Drab Majesty’s “The Demonstration” (Review)

In the info section on the Drab Majesty Facebook page, the description reads:

“Drab Majesty is an inter-dimensional platform aimed at channeling aural and visual messages founded by a human being from Los Angeles in 2013. “

That’s a mouthful, isn’t it?

The aforementioned “human being” goes by the name of Deb Demure and the Drab Majesty project sets out to promote a certain aesthetic of ethereal and moody sounds, cold synths and heartfelt lyrics. 

Released on the 20th of January 2017, The Demonstration is Drab Majesty’s latest incursion into a different plane of existence from which he’s projecting to us mere mortals what the Collective Consciousness is whispering to him.

The album kicks off with Dot in the Sky, a beautiful track infused with a poppy synth characteristic of an 80s jam. It’s almost like something you’d hear from the likes of Tears for Fears: dark themed lyrics masked by an energetic background.

The 80s theme continues with 39 by Design, where it blends masterfully with bits and pieces of dreamy shoegaze that solidify into a full blown hazy fantasy in the next track, Not Just a Name which emanates The Cure’s Bloodflowers from its very pores. It’s a very skillful blend of sounds that create such a balanced yet bittersweet track.

Too Soon to Tell follows, falling into the more recent darkwave aesthetic despite it keeping its 80s undertones and it is worth noticing the same balanced use of sounds that form such a pleasant end product.

Cold Souls picks up the same dreamy fantasy from Not Just a Name but incorporates slightly darker tones.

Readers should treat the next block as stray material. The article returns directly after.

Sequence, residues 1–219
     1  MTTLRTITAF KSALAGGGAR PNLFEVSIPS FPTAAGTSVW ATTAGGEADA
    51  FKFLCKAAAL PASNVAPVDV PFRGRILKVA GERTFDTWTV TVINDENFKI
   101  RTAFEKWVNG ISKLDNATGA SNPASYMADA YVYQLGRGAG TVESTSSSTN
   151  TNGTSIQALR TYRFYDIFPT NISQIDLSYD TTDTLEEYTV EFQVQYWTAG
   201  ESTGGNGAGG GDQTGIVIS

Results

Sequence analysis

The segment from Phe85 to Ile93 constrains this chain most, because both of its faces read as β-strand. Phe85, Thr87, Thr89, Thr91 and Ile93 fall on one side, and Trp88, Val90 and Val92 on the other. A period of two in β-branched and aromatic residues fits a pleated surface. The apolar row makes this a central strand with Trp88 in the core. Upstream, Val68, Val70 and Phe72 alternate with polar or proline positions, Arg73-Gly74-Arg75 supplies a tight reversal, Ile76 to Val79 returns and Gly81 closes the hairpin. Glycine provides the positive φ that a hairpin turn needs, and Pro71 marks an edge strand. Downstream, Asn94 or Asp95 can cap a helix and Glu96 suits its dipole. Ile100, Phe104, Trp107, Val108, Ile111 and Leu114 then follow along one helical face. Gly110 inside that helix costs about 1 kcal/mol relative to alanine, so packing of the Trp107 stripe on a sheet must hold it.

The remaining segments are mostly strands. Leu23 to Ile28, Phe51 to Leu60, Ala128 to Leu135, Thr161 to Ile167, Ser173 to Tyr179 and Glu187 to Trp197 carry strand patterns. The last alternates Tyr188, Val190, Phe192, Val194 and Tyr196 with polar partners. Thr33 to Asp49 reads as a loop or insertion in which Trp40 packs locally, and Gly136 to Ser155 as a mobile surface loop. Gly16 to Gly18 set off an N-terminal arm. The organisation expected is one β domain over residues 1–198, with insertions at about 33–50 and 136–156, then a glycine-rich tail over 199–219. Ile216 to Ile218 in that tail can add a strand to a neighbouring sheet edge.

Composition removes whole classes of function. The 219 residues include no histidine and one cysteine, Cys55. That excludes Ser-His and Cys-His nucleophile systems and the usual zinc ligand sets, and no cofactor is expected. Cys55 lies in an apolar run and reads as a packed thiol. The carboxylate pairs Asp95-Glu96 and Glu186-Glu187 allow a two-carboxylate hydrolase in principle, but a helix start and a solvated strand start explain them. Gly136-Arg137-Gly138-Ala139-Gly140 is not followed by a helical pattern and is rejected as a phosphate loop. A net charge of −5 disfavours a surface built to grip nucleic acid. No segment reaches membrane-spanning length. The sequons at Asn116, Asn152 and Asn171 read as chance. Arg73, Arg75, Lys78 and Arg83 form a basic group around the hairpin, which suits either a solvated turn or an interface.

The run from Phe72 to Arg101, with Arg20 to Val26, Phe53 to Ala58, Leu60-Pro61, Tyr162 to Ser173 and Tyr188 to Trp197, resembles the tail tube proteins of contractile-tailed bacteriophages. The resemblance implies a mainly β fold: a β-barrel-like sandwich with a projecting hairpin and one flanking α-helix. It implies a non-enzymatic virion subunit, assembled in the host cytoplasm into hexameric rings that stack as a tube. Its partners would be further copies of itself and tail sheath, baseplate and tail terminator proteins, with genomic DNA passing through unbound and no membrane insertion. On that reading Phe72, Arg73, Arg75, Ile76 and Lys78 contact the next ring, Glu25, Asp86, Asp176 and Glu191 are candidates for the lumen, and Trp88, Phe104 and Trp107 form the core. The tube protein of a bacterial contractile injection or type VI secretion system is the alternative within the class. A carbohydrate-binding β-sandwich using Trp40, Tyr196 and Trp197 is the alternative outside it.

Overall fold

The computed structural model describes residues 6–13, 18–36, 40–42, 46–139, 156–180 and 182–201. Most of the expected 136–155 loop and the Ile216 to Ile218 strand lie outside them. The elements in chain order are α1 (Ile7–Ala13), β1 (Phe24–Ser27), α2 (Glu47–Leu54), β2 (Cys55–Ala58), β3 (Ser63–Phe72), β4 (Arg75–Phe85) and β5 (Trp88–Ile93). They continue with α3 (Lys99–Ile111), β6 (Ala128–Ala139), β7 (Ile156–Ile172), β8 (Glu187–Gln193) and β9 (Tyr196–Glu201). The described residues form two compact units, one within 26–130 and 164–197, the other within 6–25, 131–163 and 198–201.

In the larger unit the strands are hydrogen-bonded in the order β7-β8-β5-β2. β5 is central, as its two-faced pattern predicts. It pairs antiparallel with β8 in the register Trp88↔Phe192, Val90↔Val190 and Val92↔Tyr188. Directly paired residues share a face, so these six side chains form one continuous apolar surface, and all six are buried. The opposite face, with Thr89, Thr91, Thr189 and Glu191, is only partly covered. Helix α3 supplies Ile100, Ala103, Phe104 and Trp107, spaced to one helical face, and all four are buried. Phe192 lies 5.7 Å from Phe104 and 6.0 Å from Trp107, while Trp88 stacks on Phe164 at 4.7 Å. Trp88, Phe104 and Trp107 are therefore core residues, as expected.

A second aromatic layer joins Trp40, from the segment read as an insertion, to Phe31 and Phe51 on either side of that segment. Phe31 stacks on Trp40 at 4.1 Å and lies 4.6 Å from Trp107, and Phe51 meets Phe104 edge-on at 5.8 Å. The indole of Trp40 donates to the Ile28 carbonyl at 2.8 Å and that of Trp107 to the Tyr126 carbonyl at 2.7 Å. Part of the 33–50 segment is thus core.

The final tracks Kissing the Ground, Forget Tomorrow and Behind the Wall however seem to be lost in the entire narrative as they mainly return and recycle the themes of the opening tracks. Kissing the Ground picks up the pace but feels like nothing special, Forget Tomorrow is simply a moody track and Behind the Wall has very interesting Depeche Mode influences but it’s not the grand finale I was expecting. It is a shame banding together three tracks in a row since the album demonstrated such diversity and cleverness from its very beginning.

All in all it seems that Deb Demure is a perfect vessel for the Collective Consciousness’ master plan. I for one am looking forward to hear more secrets from the beyond.

Album highlights: Dot in the Sky, Not Just a Name

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Alyx Serbanescu

Grammar Nazi
Lover of art, literature and cats. Spends her free time drawing abs. Reads too much gay porn.

One thought on “Drab Majesty’s “The Demonstration” (Review)

  1. “Kissing The Ground” is definitely NOT nothing special. I think it’s the best of the entire disc, with “39 by Design”, “Too Soon To Tell” and “Forget Tomorrow” rounding out the best four…with “Cold Souls” on honorable mention. The rest are good but somewhat meandering, apart from the instrumental tracks, which feel like filler. Kissing The Ground has enough raw power to run a nuclear reactor and the disc is certainly not less for having included it. At least for me, “Dot In The Sky”, “Behind The Wall”, and “Not Just A Name” are certainly pristine but none have enough edge to pull me in. The cited album highlights are the two tracks I probably like least.

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